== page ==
Around a dozen state buildings in eastern Ukraine remain in the hands of pro-Russian protesters who are demanding a referendum on self-rule. The governor of the whole Donetsk region is among those forced out by the protesters. He spoke to VOA's Henry Ridgwell from his temporary new office in Donetsk city.
Video

Video Drones May Soon Send Data From High Seas

Drones are usually associated with unmanned flying vehicles, but autonomous watercraft are also becoming useful tools for jobs ranging from scientific exploration to law enforcement to searching for a missing airliner in the Indian Ocean. VOA’s George Putic reports on sea-faring drones.
Video

Video New Earth-Size Planet Found

Not too big, not too small. Not too hot, not too cold. A newly discovered planet looks just right for life as we know it, according to an international group of astronomers. VOA’s Steve Baragona has more.
Video

Video Copts in Diaspora Worry About Future in Egypt

Around 10 percent of Egypt’s population belong to the Coptic faith, making them the largest Christian minority in the Middle East. But they have become targets of violence since the revolution three years ago. With elections scheduled for May and the struggle between the Egyptian military and Islamists continuing, many Copts abroad are deeply worried about the future of their ancient church. VOA religion correspondent Jerome Socolovsky visited a Coptic church outside Washington DC.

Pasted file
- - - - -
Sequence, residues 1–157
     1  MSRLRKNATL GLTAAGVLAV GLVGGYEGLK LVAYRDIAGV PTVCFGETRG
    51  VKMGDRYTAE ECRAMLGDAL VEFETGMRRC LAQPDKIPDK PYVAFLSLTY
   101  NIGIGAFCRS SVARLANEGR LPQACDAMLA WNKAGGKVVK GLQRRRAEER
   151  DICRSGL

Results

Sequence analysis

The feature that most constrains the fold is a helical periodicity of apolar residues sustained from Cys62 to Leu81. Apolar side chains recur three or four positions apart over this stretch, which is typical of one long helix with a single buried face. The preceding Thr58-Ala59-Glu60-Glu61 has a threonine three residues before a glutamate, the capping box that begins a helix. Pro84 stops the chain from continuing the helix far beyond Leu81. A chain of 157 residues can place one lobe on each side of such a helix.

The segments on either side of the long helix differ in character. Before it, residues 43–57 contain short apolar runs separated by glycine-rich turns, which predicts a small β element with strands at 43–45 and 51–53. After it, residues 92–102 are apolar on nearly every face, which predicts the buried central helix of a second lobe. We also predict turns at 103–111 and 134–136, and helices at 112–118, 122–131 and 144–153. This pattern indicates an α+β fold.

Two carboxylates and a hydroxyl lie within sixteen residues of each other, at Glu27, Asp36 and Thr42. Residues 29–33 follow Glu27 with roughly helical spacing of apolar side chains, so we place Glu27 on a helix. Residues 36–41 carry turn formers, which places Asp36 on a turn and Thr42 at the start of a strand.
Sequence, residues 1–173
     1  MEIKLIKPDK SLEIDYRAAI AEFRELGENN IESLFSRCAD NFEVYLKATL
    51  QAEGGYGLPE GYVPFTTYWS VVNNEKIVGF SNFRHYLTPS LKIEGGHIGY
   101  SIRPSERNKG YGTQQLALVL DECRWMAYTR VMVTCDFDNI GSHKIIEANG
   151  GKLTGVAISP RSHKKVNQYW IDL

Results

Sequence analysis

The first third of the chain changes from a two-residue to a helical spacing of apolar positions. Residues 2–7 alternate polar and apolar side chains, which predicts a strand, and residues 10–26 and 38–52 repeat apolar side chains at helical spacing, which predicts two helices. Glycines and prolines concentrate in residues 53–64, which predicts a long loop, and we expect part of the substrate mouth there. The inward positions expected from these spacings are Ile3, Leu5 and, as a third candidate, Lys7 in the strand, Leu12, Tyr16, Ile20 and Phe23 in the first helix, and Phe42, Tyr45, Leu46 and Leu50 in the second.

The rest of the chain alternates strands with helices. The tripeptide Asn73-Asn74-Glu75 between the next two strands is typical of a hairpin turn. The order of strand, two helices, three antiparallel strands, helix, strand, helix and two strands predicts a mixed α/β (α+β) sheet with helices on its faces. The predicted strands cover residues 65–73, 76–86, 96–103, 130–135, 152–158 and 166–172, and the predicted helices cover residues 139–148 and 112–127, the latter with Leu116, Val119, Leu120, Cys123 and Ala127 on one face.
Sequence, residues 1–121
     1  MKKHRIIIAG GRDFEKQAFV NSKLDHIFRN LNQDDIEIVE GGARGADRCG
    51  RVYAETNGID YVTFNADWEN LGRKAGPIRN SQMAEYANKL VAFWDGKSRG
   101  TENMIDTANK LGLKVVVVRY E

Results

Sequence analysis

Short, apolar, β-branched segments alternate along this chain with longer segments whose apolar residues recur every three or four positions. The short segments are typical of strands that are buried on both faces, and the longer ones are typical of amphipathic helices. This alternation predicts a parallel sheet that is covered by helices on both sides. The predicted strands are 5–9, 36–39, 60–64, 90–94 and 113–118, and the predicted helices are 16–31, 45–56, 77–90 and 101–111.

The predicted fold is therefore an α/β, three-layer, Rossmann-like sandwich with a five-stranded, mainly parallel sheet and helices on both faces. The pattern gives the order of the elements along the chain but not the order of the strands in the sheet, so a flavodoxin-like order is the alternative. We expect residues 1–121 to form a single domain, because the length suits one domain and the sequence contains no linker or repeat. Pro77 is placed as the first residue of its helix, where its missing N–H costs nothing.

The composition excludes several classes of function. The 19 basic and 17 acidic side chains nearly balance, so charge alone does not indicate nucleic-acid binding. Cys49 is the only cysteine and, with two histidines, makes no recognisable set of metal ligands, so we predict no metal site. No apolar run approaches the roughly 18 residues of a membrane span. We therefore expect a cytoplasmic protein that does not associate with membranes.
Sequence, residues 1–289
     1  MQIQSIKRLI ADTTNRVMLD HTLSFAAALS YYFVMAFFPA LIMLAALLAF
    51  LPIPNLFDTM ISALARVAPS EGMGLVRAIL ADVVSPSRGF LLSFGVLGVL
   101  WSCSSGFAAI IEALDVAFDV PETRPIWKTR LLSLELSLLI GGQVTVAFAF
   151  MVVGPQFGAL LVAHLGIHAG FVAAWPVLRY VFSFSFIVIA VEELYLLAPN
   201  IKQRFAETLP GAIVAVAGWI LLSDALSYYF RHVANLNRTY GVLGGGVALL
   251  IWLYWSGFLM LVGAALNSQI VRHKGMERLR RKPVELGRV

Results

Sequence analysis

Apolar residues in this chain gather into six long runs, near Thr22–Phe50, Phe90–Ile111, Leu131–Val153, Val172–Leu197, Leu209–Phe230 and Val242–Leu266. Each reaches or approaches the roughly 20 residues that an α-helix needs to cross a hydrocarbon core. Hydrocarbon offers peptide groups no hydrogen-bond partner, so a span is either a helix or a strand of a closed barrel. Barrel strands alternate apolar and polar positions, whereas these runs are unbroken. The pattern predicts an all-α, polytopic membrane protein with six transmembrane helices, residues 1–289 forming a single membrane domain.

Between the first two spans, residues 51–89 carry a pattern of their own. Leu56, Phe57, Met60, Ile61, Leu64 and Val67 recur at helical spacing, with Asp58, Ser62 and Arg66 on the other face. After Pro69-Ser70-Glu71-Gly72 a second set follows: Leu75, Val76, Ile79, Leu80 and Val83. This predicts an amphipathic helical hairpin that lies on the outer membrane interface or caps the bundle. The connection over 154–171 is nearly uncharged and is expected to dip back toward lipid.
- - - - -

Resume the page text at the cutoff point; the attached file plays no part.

Video

Video Critics Say Venezuelan Protests Test Limits of Military's Support

During the two months of deadly anti-government protests that have rocked the oil-rich nation of Venezuela, President Nicolas Maduro has accused the opposition of trying to initiate a coup. Though a small number of military officers have been arrested for allegedly plotting against the government, VOA’s Brian Padden reports the leadership of the armed forces continues to support the president, at least for now.
Video

Video More Millenials Unplug to Embrace Board Games

A big new trend in the U.S. toy industry has more consumers switching off their high-tech gadgets to play with classic toys, like board games. This is especially true among the so-called millenial generation - those born in the 1980's and 90's. Elizabeth Lee has more from an unusual café in Los Angeles, where the new trend is popular and business is booming.
Video

Video Google Buys Drone Company

In its latest purchase of high-tech companies, Google has acquired a manufacturer of solar-powered drones that can stay in the air almost indefinitely, relaying broadband Internet connection to remote areas. It is seen as yet another step in the U.S. based Web giant’s bid to bring Internet to the whole world. VOA’s George Putic reports.
AppleAndroid